nutrition

New year, new me - add-on

I wanted to add to the discussion. I’ll try to keep it as short as possible (but it won’t be!) The Holy Grail is "body comping"; which is losing weight and building strength at the same time. This IS doable, but unfortunately most effective for novice / untrained individuals (folks new to CrossFit or those that have recently completed the CrossFit Wiesbaden Basics Course).

Basically, when you first start training, your body responds so well to the stimulus, that you are able to deficit calories and build muscle simultaneously (rapid changes in the way someone's body looks). Generally, you have three options:

1. Deficit ("cut"): eat fewer calories than you burn, and you will lose weight. It simple as that. It is difficult for trained individuals to build muscle while in a deficit. In-fact, you have to be extra careful with your protein intake to ensure your body doesn't use muscle for energy while cutting! While in a deficit, you will lose weight, but it may not be from where you want to lose it! It will likely be a mix of fat and muscle that are knocking the pounds (kilos) off the scale. Generally, having about a gram of protein for every pound you weigh during a cut will help maintain your muscle mass.

2. Maintain: eat roughly the same amount of calories you burn, and you'll neither lose or gain weight.

3. Surplus ("bulk"): eat more calories than you burn, and you'll gain weight. Ideal for fueling the muscle building process, but not so great if you're trying to maintain a six-pack (or get the six-pack in the first place)!

You need to determine your Total Daily Energy Expenditure (TDEE, sometimes shortened to TDE). Your TDEE is comprised of your Basal Metabolic Rate (BMR) and the additional energy burned through activity (e.g., badass workouts at CrossFit Wiesbaden). Your BMR can be calculated through the million online calculators and for the Military folks you can go to the Army Wellness Center on base (shout out to Lisa Cox!), and additional energy can be calculated through heart rate sensors, fitbits, estimating, calculators, etc. So let's say your BMR is 1700. Let's also say that you burned 300 calories that day exercising / training. Then your TDEE is 2000. Simple as that. When we say deficit / maintain / surplus, we are referring to your TDEE. BMR is only one part of the equation. As an example, if your TDEE is 2000 for the day, and you eat 1700 calories, then you’re in a deficit for that day. If you eat 2000, then you maintained. If you eat 2300, then you surplussed. Now, what happens to most people is that they overeat on a regular basis. This in-turn makes them gain weight (despite the exercise, their TDEE is lower than their calorie intake). As you gain more weight, your BMR goes up (direct relationship between your weight and BMR). Eventually what happens is that your body hits a sweet spot (homeostasis) where your calorie intake and TDEE are around the same and you start to hover around this weight. You are now "maintaining" even though you're overweight.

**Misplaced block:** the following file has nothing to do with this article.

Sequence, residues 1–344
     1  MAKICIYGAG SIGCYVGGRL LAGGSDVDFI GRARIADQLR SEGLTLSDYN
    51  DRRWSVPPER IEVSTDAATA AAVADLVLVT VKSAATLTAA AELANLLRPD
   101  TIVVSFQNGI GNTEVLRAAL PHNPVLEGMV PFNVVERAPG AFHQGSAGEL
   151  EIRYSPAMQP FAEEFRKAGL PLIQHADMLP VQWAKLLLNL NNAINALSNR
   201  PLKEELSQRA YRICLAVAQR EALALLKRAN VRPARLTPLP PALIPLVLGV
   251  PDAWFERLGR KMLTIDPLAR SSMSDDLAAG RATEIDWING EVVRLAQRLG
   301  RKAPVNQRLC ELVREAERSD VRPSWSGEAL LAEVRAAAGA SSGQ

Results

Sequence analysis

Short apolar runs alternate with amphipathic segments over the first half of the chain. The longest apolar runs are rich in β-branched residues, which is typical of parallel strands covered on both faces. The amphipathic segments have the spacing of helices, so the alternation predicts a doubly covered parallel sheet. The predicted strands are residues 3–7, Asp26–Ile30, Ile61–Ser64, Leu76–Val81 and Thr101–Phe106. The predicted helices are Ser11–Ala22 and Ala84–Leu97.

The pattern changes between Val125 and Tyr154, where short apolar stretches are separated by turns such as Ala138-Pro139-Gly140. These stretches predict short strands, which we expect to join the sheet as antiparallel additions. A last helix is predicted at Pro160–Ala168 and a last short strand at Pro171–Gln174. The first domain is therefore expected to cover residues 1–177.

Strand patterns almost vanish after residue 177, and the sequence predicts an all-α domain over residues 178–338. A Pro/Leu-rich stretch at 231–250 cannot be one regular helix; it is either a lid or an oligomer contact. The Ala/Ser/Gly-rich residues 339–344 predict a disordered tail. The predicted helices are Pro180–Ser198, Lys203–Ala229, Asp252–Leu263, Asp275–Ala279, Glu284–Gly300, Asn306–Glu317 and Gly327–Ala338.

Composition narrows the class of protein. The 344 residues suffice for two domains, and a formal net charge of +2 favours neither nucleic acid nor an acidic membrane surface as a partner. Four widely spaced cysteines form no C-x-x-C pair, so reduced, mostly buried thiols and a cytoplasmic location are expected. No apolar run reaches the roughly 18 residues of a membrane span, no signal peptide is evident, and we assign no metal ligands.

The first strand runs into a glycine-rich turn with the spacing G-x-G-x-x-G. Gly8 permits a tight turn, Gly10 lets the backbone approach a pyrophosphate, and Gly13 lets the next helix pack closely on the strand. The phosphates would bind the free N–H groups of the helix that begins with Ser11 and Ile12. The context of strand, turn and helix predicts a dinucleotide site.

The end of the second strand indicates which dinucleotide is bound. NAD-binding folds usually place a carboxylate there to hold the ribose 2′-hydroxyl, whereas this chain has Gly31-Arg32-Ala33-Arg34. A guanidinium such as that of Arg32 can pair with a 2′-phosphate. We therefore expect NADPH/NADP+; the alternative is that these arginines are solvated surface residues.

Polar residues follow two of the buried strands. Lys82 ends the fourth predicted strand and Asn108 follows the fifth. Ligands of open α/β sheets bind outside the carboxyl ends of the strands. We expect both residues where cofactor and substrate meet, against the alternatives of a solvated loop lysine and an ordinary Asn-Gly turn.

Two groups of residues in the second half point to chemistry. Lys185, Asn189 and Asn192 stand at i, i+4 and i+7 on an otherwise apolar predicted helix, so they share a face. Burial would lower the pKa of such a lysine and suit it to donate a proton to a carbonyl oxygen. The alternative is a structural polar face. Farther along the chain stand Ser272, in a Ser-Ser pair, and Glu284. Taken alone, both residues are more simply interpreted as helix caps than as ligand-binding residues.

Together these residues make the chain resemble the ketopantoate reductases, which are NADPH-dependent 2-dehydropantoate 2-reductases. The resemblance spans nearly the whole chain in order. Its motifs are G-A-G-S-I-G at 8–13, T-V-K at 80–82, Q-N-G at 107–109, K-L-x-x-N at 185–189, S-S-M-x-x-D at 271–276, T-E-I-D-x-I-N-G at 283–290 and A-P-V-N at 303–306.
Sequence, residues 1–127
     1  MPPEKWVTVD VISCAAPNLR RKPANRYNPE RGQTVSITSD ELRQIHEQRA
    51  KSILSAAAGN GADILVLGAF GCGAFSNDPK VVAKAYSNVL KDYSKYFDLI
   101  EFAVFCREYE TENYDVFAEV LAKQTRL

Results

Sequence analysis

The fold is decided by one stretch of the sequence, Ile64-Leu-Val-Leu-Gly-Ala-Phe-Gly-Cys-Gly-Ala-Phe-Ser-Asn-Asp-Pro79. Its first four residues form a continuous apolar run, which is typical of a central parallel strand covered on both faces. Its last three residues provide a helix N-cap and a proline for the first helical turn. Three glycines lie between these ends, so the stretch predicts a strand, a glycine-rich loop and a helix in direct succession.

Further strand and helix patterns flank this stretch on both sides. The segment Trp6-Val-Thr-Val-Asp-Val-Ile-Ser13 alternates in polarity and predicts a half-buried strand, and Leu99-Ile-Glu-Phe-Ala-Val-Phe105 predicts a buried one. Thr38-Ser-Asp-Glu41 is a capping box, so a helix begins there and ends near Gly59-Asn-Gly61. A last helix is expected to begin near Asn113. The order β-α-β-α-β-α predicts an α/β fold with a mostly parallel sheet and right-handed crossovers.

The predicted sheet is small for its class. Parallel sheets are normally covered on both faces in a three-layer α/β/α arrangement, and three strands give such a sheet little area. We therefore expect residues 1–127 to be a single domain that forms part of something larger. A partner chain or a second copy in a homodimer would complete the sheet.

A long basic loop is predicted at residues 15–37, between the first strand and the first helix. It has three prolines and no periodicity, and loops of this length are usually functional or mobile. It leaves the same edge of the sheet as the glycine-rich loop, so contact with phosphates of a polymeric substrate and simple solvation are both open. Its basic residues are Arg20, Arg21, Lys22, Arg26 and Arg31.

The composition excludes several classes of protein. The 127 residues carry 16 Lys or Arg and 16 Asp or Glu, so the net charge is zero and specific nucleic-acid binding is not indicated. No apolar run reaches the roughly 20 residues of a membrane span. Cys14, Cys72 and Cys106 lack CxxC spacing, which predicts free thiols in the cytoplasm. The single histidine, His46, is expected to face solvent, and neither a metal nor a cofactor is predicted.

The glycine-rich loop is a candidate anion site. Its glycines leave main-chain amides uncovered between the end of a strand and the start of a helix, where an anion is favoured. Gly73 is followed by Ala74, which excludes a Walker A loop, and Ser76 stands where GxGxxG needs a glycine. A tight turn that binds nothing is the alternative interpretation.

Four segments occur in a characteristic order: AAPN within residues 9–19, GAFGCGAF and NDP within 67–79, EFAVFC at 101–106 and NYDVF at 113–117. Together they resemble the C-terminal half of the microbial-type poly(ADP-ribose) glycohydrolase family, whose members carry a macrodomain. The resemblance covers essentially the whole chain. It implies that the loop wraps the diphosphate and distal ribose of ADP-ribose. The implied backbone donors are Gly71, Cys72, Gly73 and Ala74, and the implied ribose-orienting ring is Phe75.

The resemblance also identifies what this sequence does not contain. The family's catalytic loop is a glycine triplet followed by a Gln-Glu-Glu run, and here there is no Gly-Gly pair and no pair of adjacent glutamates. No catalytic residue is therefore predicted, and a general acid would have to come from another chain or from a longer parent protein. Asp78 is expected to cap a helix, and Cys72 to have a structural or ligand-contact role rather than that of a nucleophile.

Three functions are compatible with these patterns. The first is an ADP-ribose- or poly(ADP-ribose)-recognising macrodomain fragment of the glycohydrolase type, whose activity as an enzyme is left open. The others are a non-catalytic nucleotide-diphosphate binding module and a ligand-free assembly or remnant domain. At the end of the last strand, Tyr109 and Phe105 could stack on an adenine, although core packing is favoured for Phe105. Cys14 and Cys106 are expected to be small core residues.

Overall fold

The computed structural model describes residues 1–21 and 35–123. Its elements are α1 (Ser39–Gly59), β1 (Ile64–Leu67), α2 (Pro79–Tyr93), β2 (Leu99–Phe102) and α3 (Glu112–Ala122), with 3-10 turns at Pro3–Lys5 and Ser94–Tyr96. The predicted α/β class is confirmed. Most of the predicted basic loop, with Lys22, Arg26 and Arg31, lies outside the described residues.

This accounts for majority of the population. Overweight, but neither losing or gaining additional weight. Know that at CrossFit Wiesbaden, we can help you navigate nutrition, gain muscle, lose fat, get healthier, or just meet new people – we have the facility, knowledge, and experience to help you along the way!

Alex Holzapfel